‘How do I become an A-list artiste?’
... asks Taapsee, who doesn’t get why she’s not considered a top artiste despite her recent hits
Taapsee Pannu, who started out in Tamil with Aadukalam, and went on to make her mark in Bollywood with films like Pink, Naam Shabana and Judwaa 2, says she is yet to crack the code of being an ‘A-list’ artiste in the Hindi industry.
Though 2017 has not been a great year for Bollywood, Taapsee’s Naam Shabana was among the highest grossing female-centric films, and her Judwaa 2 has also done well at the box office.
Yet, Taapsee wonders why she isn’t counted as one among the ‘top’. “I am yet to find out the definition of being an A-list actress. What does that mean? See, as an actress, I am happy that people are offering me good roles and I am earning success critically and commercially. But it bothers me when a designer says, ‘No, Taapsee can’t be my muse or the showstopper. I want an ‘A-lister’ actress for this collection.’ It has happened with many brand endorsements as well,” she says. “I am ready to write the entrance exam to enter that club, but can someone please tell me the formula... Maybe awards? I do not know!”
Taapsee does not fear failure, given she’s had her fair share of exposure to films that didn’t do well at the box office. She still remembers her horrific early days in the Telugu film industry. “In the beginning of my career, some of my films failed at the box office and filmmakers stopped casting me because they were worried I’d bring bad luck to their film. The funny thing is in those films, my contribution was nothing but three songs and five scenes.”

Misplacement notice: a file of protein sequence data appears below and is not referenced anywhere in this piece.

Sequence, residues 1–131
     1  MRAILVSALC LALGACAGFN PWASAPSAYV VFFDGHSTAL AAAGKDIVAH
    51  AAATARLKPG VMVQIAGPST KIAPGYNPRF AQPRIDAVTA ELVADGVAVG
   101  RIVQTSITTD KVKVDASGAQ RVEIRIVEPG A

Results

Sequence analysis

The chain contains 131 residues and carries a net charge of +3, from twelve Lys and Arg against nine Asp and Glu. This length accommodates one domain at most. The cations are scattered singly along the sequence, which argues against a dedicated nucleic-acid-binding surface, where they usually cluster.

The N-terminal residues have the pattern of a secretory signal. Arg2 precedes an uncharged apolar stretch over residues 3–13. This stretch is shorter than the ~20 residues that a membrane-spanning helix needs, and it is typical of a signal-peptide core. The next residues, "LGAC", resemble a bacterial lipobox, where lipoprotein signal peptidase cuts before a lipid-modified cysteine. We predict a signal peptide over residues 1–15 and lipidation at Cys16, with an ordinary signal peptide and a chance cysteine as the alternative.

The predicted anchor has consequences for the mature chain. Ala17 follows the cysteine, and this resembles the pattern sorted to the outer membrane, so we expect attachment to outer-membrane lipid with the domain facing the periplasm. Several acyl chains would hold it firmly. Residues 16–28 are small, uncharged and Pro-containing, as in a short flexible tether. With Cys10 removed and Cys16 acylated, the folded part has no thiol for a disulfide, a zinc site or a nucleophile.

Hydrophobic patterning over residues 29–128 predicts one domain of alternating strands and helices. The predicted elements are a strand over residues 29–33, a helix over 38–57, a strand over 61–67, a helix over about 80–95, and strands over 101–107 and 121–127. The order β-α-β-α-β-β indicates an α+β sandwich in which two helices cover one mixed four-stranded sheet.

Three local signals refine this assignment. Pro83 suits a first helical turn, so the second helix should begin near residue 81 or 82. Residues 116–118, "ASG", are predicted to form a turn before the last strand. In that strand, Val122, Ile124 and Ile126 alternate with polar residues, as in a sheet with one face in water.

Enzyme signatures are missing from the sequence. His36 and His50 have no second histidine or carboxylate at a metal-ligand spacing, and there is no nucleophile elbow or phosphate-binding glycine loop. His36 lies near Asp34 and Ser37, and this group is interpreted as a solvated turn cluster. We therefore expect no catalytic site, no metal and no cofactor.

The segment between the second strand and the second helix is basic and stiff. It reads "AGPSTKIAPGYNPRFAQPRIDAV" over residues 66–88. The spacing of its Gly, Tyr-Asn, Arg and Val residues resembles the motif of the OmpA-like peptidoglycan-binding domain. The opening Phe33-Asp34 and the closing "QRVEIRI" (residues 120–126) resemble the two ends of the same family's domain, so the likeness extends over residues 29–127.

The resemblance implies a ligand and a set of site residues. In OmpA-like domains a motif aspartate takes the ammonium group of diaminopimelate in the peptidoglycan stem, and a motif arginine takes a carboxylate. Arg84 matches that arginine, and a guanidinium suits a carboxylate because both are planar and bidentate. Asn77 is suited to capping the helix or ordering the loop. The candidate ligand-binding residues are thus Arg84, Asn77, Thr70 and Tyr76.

Having seen failure in the South, she says she knows that success cannot be planned. “It’s not about our desire to perform in a great story. At the end of the day, the box office results matter. And the weird thing is that we do not know the formula for that.”
She says she has been “really lucky” to have worked in commercial potboilers as well as content-driven films. “I think it is the responsibility of an actor to find that balance, because the film industry is ready to give you a tag in no time,” she says.
Taapsee’s most popular portrayals are those of women with a fighter instinct. Was it a calculated choice to do women-centric films? “Actually, no. Maybe because I have a natural fighter instinct that filmmakers have noticed, they offered me roles in films like Baby or Naam Shabana. I am an outspoken person in real life.”
She says she also has not figured out why people feel that women playing ornamental roles in films do not require ‘artistic skill’. “Who said that looking good is not a task? There are so many girls with a well-maintained body, but will they be able to walk the beachside in front of the camera wearing a swimsuit? Carrying your body in a certain manner to look sexy is also an art. So, we should respect such a performance just like we appreciate de-glam, realistic performances.”
Taapsee has started shooting for Anubhav Sinha’s new directorial venture, Mulk, which also features Rishi Kapoor, Rajat Kapoor, Neena Gupta and Prateik Babbar.